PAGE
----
Any person who is sexually active can be infected with genital herpes. Abstaining from oral, vaginal, and anal sex is the most assured way to remain uninfected. However, if you are sexually active, there are steps you can take to help reduce your risk of genital herpes:
STD testing is the best way to monitor your status and your partner's status. Don't let the cost of healthcare deter you from knowing your status. Many local clinics and health facilities offer free screening tests.
Beauman JG. Genital herpes: A review. Am Fam Physician. 2005;72(8):1527-1534.
Genital herpes—CDC fact sheet. Centers for Disease Control and Prevention website. Available at: http://www.cdc.gov/std/herpes/stdfact-herpes-detailed.htm. Updated February 13, 2013. Accessed October 16, 2014.
Herpes genitalis. EBSCO DynaMed website. Available at: http://www.ebscohost.com/dynamed. Updated September 8, 2014. Accessed October 16, 2014.
Jones CA. Vertical transmission of genital herpes: prevention and treatment options. Drugs. 2009;69(4):421-434.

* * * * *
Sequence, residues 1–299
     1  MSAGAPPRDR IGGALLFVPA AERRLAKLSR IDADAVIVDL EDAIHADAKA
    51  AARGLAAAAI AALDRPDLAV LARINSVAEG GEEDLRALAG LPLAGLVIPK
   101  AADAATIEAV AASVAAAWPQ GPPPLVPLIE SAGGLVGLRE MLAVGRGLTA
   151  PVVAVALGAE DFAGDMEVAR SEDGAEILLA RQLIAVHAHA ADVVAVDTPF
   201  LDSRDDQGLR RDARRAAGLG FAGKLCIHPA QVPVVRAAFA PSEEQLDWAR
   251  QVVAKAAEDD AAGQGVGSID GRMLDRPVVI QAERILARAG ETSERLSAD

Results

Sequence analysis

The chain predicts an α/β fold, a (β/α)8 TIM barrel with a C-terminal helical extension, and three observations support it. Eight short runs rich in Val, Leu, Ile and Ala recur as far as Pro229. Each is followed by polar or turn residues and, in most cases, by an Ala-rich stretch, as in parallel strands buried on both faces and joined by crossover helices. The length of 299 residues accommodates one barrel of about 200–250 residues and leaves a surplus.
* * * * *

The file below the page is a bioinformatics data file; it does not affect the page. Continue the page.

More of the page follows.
Workowski KA, Berman S, et al. Sexually transmitted diseases treatment guidelines, 2010. MMWR. 2010;59(No. RR-12):1-110.
3/17/2015 DynaMed's Systematic Literature Surveillance http://www.ebscohost.com/dynamed: U.S. Preventive Services Task Force. Behavioral counseling interventions to prevent sexually transmitted infections: U.S. Preventive Services Task Force recommendation statement. Ann Intern Med. 2014 Dec 16;161(12):894-901.
Last reviewed May 2014 by David Horn, MD
Please be aware that this information is provided to supplement the care provided by your physician. It is neither intended nor implied to be a substitute for professional medical advice. CALL YOUR HEALTHCARE PROVIDER IMMEDIATELY IF YOU THINK YOU MAY HAVE A MEDICAL EMERGENCY. Always seek the advice of your physician or other qualified health provider prior to starting any new treatment or with any questions you may have regarding a medical condition.
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